Perhaps it’s because they see direct mail as their competition – which is unfortunate and shortsighted – but Hubspot goes to great lengths to promote inbound marketing as the alternative to outbound marketing activities like direct mail.

Their key arguments are that:

  • direct mail is too expensive
    One of the strongest appeals for online marketing has always been that it requires very little cash.  It is largely an investment of time (a big investment by the way).  So yes, direct mail, which may cost 50 cents to $1 per mail piece, is considerably higher.  However, if you assign a cost to your time, chances are those prices will be much more competitive.[break][break]
  • direct mail is intrusive and annoying
    The term “junk mail” was coined long before inbound marketing was ever conceived as a way of distinguishing advertising mail from actual personal and business correspondence.  And it’s true, some people hate direct mail.  But most people could care less – and from that group, there is always a percentage who may be very interested.  The point is that direct mail still works – if you know what you’re doing.[break][break]
  • direct mail leads cost more
    Online marketing people always want to talk about their low-cost leads.  Once again, if you are not accounting for your time, online leads cost almost nothing.  But you have to ask “what is your time worth?”  At the same time, you need to ask about lead quality.  Online leads are notoriously poor quality for one very simple and obvious reason:  you cannot control who visits your website and downloads your whitepaper.  You are going to get many leads from people who will never buy what you sell.  Direct mail leads, on the other hand, will produce a much higher level of lead quality because you can pre-qualify who receives your message.[break][break]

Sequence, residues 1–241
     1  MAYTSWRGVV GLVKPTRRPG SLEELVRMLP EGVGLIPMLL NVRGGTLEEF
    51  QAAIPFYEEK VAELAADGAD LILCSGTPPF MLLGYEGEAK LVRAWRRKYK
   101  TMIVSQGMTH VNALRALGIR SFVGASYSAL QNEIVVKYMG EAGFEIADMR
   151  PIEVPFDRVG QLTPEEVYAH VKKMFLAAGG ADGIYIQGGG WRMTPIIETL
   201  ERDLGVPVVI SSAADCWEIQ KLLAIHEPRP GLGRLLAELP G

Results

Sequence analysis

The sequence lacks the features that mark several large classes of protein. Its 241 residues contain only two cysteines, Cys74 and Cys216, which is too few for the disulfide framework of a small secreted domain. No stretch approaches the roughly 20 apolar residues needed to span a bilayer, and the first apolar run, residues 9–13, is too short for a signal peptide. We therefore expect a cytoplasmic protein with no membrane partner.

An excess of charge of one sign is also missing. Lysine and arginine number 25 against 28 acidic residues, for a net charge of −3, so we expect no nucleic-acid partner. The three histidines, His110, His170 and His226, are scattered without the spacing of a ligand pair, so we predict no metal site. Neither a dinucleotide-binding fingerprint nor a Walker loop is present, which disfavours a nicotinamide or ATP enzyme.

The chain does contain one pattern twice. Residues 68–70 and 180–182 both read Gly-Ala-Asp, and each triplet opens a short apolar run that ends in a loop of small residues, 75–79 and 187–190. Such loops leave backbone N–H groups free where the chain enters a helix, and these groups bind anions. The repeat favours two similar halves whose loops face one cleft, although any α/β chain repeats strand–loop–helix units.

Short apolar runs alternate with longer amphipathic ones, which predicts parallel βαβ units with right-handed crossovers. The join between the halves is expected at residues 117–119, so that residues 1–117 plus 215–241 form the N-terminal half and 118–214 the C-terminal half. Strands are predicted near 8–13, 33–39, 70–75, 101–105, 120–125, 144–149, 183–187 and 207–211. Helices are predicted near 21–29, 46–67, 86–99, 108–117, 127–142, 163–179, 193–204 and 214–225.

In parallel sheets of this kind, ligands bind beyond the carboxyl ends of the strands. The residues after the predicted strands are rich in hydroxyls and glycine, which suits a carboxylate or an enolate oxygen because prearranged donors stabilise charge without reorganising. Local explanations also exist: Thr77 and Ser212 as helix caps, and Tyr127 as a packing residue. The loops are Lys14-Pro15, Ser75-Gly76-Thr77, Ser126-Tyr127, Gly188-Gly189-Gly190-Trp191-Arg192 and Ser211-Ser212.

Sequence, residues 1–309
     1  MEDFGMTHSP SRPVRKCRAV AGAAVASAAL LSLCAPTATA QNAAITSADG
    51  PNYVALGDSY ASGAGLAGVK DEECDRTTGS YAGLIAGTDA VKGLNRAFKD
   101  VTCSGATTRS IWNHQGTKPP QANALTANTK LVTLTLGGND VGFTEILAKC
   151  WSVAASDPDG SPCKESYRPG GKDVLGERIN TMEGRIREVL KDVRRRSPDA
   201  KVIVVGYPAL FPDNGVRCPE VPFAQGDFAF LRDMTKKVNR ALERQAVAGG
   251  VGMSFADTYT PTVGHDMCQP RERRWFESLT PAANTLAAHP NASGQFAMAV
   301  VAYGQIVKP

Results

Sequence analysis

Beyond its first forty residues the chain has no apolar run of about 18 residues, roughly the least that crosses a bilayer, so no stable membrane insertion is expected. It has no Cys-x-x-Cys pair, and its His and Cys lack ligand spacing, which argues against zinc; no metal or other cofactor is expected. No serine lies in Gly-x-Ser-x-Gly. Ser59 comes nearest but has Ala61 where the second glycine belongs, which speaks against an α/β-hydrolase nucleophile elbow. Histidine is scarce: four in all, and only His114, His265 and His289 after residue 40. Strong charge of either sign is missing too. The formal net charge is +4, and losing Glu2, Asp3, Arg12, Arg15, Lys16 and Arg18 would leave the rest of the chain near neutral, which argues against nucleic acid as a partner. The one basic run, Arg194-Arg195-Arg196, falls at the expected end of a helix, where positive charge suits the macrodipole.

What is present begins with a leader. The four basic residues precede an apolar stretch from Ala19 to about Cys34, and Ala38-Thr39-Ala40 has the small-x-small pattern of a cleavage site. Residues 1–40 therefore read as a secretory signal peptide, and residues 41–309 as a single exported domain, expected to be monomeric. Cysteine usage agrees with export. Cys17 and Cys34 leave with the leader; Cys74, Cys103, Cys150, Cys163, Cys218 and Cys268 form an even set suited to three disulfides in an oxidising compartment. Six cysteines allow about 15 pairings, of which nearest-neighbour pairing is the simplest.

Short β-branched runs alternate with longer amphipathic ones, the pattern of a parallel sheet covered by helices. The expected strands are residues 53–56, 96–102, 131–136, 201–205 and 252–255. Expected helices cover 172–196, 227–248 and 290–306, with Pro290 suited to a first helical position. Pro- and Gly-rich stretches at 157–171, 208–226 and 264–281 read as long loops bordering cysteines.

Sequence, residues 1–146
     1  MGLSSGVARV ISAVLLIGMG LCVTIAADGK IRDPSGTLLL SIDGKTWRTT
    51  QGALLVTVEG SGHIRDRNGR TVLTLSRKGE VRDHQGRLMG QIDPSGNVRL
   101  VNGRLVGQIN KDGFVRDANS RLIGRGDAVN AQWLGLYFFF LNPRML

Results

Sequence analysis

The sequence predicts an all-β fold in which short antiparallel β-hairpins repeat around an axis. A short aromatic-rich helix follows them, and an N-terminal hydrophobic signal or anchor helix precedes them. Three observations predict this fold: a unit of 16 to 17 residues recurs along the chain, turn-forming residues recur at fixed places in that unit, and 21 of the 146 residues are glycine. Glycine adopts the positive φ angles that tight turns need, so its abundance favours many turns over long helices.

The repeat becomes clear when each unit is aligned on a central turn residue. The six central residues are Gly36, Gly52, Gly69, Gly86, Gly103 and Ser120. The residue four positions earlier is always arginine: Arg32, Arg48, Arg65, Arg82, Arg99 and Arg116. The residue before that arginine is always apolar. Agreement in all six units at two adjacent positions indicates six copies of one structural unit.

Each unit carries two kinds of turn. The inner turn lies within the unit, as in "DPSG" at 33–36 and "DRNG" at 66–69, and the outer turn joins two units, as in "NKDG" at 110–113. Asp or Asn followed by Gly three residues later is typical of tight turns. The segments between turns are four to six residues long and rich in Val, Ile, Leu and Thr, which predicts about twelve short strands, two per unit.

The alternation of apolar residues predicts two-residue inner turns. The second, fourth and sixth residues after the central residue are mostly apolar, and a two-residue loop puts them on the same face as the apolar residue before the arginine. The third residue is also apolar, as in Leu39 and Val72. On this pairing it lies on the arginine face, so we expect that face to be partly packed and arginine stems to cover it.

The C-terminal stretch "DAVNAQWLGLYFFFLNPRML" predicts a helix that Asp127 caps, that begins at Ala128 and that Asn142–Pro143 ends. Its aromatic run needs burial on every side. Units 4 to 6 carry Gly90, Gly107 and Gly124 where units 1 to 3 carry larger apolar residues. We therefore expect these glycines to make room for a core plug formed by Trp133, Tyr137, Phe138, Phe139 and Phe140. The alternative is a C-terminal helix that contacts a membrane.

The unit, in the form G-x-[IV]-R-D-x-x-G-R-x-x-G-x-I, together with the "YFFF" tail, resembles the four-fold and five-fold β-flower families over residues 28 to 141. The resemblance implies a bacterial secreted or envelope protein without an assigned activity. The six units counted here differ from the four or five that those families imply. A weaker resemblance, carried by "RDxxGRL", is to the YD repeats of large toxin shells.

• direct mail is old school
    Really?  Yes, direct mail has a proven track record over many years.  How is that a problem? [break][break]

Back in the day …

Long before the Internet, businesses would routinely advertise in the Yellow Pages (the early version of search), but they didn’t stop with that.

Most would also advertise in local newspapers or magazines, target prospects directly with direct mail, exhibit at trade shows, speak at conferences and write columns in trade  journals.

Today, online or inbound marketing has all but replaced the Yellow Pages (and provided so much more), but with a few exceptions, an online-only marketing model is not a winning strategy.  [break][break]

If all you have is a hammer …

You may be familiar with this marketing axiom :  If all you have is a hammer, then every marketing challenge looks like a nail.

This is so true.  Not every marketing challenge can be solved with a single tactic.  Sometimes you need more than a hammer.   Which approach you take should be determined, not be the tools you have, but by the marketing challenge you’re facing.

I have many years of experience in direct marketing and many of my clients use direct mail.  But not all of them – because sometimes, direct mail isn’t the best choice for them.  Sometimes, what they need is print advertising, or pay per click, or telemarketing, or radio.  Or all of the above.

 When you find a new marketing tool, you don’t throw out the old tools.  You get a larger tool box.


Written by Bob McCarthy

This article may be reprinted without permission as long as the article includes the following credit:

Bob McCarthy is a direct response consultant helping businesses develop measurable marketing programs across multiple marketing channels. You can read his blog, The Direct Response Coach, on his website at Bob can be reached at 508-473-8643 or at


Bob McCarthy is a direct response copywriter and lead generation specialist.

Download his Freelance Copywriting Information Kit.

About Bob McCarthy

Bob McCarthy is a direct response consultant and copywriter with a focus on direct mail, email and digital marketing. Bob works with B2B, B2C and Non-Profit clients. You can download his free ebook, "Making Snail Mail Work: 13 Lessons in Direct Mail Strategy."